Möbius strip: Mathematical origami

Interesting tricks using the Möbius strip

Are you ready to ex­plore the amaz­ing world of topol­o­gy?

Safe­ty pre­cau­tions



  • pa­per;
  • scis­sors;
  • glue.

Step-by-step in­struc­tions

Cut out a strip of pa­per. Flip one end and glue it to the oth­er. The re­sult is a Möbius strip. If you ro­tate one of the ends twice and glue the two ends to­geth­er, then cut the tape length­wise, you’ll get two Möbius strips linked to­geth­er. If one of the ends is ro­tat­ed three times, you’ll ob­tain a thrice-twist­ed Möbius strip – the in­ter­na­tion­al re­cy­cling sym­bol. Glue two Möbius strips at a right an­gle and cut each length­wise – you’ll get two bond­ed hearts.

Process de­scrip­tion

The Möbius strip is named af­ter Ger­man math­e­ma­ti­cian Au­gust Fer­di­nand Möbius. This is an ex­am­ple of an ob­ject that stud­ies a sep­a­rate do­main of ge­om­e­try – topol­o­gy, the study of the prop­er­ties of an ob­ject that re­main con­stant through var­i­ous de­for­ma­tions. To un­der­stand the prop­er­ties of a Möbius strip, first con­sid­er a pa­per ring. It has two sides, an in­ner side and an out­er side. If we mark a point on the out­side with a mark­er, we can draw a line to any oth­er point on the out­side with­out lift­ing the mark­er and with­out go­ing over the edge. There is a con­tin­u­ous path be­tween any two points on the out­side. This works for the in­side as well. But it is im­pos­si­ble to get from the out­side to the in­side us­ing a con­tin­u­ous line that does not cross any edges.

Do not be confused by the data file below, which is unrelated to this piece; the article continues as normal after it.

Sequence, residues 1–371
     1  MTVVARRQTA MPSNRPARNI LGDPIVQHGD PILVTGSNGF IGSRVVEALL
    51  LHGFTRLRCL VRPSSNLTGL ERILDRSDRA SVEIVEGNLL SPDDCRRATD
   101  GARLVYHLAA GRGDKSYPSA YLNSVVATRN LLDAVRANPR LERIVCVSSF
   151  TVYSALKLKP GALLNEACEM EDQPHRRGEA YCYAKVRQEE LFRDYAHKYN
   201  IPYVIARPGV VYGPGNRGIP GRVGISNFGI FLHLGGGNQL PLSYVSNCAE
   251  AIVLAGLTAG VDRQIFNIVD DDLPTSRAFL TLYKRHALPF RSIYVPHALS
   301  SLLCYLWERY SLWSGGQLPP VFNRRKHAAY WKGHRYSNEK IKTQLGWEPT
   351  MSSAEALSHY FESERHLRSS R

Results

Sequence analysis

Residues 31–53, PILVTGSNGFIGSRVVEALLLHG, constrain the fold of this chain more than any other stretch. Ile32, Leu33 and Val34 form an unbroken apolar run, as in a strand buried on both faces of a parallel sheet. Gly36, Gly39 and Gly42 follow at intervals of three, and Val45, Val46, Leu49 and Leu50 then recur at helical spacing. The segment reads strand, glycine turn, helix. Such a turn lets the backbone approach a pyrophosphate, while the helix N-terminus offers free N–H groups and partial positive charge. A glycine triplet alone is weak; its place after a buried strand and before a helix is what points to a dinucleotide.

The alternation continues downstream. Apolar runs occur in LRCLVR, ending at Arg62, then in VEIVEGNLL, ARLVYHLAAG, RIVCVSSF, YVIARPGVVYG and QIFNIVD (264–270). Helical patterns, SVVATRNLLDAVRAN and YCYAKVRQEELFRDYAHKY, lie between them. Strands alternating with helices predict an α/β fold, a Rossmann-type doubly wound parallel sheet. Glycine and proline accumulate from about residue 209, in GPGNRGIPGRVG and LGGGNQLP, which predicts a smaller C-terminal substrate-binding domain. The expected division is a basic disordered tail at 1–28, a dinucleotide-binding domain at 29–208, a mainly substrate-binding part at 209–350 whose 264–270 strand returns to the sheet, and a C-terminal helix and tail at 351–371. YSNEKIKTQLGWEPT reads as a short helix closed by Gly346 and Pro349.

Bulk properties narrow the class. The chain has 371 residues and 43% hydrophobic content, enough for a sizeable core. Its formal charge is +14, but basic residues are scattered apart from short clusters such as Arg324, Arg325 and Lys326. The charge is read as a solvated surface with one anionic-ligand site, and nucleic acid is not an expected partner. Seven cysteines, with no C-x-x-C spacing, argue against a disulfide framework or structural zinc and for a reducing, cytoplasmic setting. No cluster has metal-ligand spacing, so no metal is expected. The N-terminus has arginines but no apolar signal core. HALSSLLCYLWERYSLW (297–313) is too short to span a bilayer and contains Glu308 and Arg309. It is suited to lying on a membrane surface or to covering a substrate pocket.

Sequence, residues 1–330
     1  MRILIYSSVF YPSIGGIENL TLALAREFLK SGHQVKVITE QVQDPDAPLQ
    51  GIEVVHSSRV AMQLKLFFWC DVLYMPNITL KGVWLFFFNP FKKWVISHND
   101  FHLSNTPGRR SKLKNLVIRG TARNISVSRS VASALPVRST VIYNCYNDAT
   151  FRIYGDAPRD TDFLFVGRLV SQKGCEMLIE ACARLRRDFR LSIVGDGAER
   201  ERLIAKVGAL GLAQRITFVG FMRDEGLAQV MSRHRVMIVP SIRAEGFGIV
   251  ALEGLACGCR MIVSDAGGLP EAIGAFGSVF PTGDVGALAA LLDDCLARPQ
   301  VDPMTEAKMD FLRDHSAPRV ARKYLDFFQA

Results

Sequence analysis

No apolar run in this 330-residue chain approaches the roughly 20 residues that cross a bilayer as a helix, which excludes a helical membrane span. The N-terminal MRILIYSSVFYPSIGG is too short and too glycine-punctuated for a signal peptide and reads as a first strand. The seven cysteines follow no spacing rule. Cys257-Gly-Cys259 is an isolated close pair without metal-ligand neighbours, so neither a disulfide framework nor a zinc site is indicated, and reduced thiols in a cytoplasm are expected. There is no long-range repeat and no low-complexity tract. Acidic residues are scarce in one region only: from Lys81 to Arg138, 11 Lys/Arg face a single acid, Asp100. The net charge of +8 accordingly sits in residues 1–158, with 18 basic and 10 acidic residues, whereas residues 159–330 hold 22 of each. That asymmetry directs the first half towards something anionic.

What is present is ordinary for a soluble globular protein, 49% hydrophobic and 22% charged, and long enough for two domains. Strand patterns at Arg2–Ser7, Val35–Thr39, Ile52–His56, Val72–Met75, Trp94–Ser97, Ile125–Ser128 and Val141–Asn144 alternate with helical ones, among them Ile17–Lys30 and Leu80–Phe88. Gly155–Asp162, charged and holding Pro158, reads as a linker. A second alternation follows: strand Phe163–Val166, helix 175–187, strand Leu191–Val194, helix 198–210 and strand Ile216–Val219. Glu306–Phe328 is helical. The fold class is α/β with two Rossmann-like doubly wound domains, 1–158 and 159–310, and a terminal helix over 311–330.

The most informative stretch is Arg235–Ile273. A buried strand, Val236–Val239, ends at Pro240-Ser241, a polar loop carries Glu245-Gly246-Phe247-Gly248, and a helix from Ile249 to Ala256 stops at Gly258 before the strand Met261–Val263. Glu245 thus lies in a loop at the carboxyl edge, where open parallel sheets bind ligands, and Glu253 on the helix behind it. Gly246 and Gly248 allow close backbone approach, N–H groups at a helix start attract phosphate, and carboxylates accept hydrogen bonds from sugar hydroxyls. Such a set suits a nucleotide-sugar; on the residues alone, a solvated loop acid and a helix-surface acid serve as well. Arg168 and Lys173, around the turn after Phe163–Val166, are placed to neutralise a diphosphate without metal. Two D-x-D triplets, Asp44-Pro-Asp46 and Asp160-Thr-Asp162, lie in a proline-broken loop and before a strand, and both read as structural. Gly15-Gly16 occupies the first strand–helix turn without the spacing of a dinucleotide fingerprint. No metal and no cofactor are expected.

How­ev­er, if we cut this ring, flip one of the ends, and reglue it, we will get a Möbius strip. It may seem that not much has changed, but now our ob­ject has only one side! You can con­nect any two points with a con­tin­u­ous line – the new sur­face unites the out­er and in­ner sides of the orig­i­nal strip. This can be demon­strat­ed by draw­ing a line along the mid­dle of the strip. The Möbius strip has found wide ap­pli­ca­tion in sci­ence and tech­nol­o­gy, such as in con­vey­ors and print­ers, and it also serves as a source of in­spi­ra­tion for many artists, di­rec­tors, and writ­ers.